• In a group online: as in solo online, but in a group.
    • Multiplayer: like a classic MMORPG, where you can interact with other players, fight them, chat, etc.

 



You have to grope

The first steps in New Brittania are really rough considering the few "useful" indications given. I insist of course on "useful", because indications, there are ... many even. If there is one criticism that we cannot make about this game, it is having a shoddy background. Dialogue, there is, for those who take the trouble to read what is displayed on the screen. But suddenly, important information, such as the location of a quest or a place, is a bit drowned in this flood of text.


It is therefore necessary to be attentive to the smallest detail. Which is not necessarily always easy with the translations for the moment rather risky (the game is being localized), unless you can read English easily. And all the more so since the maps are not very detailed either and above all they must first be obtained, in loot or by buying them, before they can be used. No more maps full of information about the world! The game encourages a lot of exploration and experimentation.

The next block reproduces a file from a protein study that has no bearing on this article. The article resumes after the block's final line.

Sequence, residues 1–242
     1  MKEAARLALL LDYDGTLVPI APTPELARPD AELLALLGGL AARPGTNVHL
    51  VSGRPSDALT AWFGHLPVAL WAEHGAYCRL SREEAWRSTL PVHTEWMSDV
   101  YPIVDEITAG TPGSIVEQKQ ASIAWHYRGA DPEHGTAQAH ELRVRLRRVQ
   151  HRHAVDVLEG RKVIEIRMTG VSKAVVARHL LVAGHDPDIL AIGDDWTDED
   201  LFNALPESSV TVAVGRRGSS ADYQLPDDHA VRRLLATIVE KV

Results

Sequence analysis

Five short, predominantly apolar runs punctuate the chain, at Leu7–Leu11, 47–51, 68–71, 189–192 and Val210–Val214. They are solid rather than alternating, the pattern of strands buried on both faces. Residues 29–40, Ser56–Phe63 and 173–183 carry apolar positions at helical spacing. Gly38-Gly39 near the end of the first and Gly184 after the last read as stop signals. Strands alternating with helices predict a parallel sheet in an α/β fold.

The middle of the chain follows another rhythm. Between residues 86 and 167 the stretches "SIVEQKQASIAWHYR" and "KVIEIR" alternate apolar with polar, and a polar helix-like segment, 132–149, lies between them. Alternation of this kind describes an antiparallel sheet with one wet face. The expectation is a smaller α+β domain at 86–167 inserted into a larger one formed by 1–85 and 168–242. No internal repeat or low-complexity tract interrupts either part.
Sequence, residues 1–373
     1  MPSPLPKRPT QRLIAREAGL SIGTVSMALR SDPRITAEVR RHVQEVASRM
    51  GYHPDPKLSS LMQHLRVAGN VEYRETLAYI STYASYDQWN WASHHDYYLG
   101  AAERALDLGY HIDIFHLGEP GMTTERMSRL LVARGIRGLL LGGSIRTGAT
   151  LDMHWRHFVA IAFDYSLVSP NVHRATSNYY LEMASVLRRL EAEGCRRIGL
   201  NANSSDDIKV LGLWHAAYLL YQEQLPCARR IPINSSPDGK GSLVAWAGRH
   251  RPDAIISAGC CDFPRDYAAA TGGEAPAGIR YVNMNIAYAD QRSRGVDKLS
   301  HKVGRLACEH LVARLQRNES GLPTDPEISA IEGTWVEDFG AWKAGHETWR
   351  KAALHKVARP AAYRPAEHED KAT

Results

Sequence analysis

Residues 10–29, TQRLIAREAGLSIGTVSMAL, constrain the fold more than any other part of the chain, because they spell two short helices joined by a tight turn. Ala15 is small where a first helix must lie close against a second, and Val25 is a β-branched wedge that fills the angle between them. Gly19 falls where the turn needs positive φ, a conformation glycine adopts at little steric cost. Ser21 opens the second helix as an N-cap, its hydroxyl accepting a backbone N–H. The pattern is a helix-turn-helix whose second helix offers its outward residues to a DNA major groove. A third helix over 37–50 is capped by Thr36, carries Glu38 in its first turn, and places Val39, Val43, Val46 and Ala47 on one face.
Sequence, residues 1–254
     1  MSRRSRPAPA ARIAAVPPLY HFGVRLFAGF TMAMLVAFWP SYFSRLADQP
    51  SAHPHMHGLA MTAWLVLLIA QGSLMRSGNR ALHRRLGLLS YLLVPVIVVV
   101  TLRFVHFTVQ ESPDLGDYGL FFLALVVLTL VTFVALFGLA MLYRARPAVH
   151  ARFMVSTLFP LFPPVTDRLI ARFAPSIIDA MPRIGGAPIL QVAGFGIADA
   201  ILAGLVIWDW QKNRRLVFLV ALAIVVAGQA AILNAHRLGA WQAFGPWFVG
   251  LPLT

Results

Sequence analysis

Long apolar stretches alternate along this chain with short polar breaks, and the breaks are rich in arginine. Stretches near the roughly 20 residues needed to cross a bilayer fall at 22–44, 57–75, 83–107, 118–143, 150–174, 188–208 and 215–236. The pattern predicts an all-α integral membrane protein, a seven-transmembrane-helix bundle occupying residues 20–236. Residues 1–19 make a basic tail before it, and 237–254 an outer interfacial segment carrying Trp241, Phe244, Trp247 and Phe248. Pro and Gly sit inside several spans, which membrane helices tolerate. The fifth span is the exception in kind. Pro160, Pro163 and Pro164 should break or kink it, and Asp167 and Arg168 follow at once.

Was it really better before?

During all the writing of this test, I kept asking myself the questions: were MMORPGs really better before? It's hard not to think about it when you were introduced to MMORPGs like me when they became mainstream. Because yes, you may not know it, but there were many MMORPGs before WoW! I invite you to reread my file on the MMORPG Saga to convince yourself!



But if we can see one thing over time, it is that MMORPGs are becoming much easier to access, even if it means sometimes being at the limit of assistantship. Based on this observation, at a time when the majority of players are looking for accessible, immediate and "simple" games (without this being pejorative), one is entitled to wonder if it is wise to offer such a game. complex, as demanding in terms of time as Shroud of the Avatar. This is such a subjective question that it is difficult to answer with a very objective opinion.